WATCH | Why Instagram is walking back some recent changes: 

"The problem with these platforms is they're based on endless [engagement] growth," Lachman said. "But ultimately they're competing for a limited number of hours [so they] end up duplicating one another's features, not always successfully."

He says the attempt to be all things to all users sometimes "doesn't sit so well with the users who already know and love the platform."

Different platforms have different uses

Marlie Cohen, a Toronto-based fitness and parenting influencer who posts on both platforms under the name Kale & Krunches, says she's keenly aware of the shift, both as a content producer and a user.

"As a creator, I understand that the eyeballs are really on TikTok right now, and that's because the algorithm is feeding us the type of content that we want to see," she said in an interview with CBC News.

Submitted by Marlie Cohen
Submitted by Marlie Cohen

"I understand that the other apps want to keep up with that and keep our attention on them as well, but as a consumer, I find it extremely frustrating because I go to different platforms for different things."

Cohen joined Instagram in 2015, and says it quickly became her preferred medium because of the sense of community she could build. By 2017, she had enough of a following that she was able to leave her corporate job and become a full-time content producer.

While her Instagram following has grown to 60,000 followers today, she says she's managed to double that figure on TikTok in far less time.

Users pushing back

Because TikTok's algorithm prioritizes content that people respond to regardless of the creator's number of followers, Cohen says it allows talented creators to find an audience quickly.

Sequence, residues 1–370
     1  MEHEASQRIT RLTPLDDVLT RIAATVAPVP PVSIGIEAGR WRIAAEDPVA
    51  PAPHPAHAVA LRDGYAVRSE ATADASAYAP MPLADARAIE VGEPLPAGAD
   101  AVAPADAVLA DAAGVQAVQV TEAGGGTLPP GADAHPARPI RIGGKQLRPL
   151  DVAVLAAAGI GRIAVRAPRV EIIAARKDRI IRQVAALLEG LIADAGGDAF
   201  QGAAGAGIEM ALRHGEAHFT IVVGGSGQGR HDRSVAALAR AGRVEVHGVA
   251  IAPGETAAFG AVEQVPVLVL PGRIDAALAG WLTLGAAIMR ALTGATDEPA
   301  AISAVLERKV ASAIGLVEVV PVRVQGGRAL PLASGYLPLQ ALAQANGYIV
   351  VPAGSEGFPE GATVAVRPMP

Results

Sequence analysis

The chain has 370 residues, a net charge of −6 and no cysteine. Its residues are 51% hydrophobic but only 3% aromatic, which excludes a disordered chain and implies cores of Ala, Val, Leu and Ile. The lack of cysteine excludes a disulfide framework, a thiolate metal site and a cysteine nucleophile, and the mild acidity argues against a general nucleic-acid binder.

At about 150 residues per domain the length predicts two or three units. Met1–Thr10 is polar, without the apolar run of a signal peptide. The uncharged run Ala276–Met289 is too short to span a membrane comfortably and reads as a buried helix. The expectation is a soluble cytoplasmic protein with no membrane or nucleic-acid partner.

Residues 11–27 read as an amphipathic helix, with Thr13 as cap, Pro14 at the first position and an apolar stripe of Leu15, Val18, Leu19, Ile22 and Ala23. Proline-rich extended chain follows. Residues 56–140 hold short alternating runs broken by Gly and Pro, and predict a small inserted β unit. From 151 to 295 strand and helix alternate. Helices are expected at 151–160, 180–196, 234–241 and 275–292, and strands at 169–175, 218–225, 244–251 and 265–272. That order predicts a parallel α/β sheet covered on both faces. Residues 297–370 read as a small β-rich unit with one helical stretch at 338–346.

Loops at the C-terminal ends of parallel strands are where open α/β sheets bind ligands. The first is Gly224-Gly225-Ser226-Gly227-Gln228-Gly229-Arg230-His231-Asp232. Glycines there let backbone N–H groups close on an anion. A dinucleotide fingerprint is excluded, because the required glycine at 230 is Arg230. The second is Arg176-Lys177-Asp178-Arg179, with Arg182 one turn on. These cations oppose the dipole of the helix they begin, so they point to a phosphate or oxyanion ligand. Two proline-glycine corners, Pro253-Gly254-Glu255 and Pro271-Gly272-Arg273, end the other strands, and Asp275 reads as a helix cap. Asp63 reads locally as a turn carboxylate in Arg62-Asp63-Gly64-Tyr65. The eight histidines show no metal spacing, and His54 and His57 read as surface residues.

But for many Instagram users, the platform's attempt to mimic TikTok's success just means they're being offered content they don't necessarily want.

On the streets of Toronto this week, many users expressed disappointment with Instagram's experimentation.

"It takes away from the original version," Rachel Wong told CBC News. "I personally like the pictures more."

WATCH | Canadians weigh in on Instagram's proposed changes: 

Taking pictures for his Instagram feed in downtown Toronto, Oleh Dehtiarov said he prefers Instagram to TikTok for the same reason.

"I'm more into pictures. I don't mind, like, a few video shots, but I feel like if it's just videos, they can get quite annoying."

Instagram's sudden push of video over photos also ups demands on content creators, who have to produce higher-quality content to rise above the fray.

That's where people like Drake Andrews and Kyle Pretzlaff come in.

They're the founders of Kozen Creative, a digital-focused marketing studio that helps people and brands fine-tune their online presence for a social media audience and create content that gets noticed on TikTok.

Unlike text or still photo-based platforms, they say video has massive marketing potential if done properly.

"You get to show your personality. You get to be a little bit more authentic and connect with the viewer," Andrews told CBC News in an interview, while shooting video for one of his clients, a barbershop.

"At the end of the day it's going to be way more important and impactful."

Anis Heydari/CBC
Anis Heydari/CBC

The fight to stay relevant

Andrews says Instagram's strategy is necessary for it to stay relevant.

"In any business you're going to have to adapt to what's happening in the market," he said. "You don't want to be the Zellers. You don't want to be the MySpace."

While Andrews acknowledges that the user backlash is very real, he doesn't see video as a flash in the pan and says those who don't adapt will be left behind.

"It's going to become dated and people are going to treat it more like Facebook, where it's left to the older generation," he said of Instagram.

"The younger generation isn't going to go into it because they already have TikTok and they have adopted to the platform."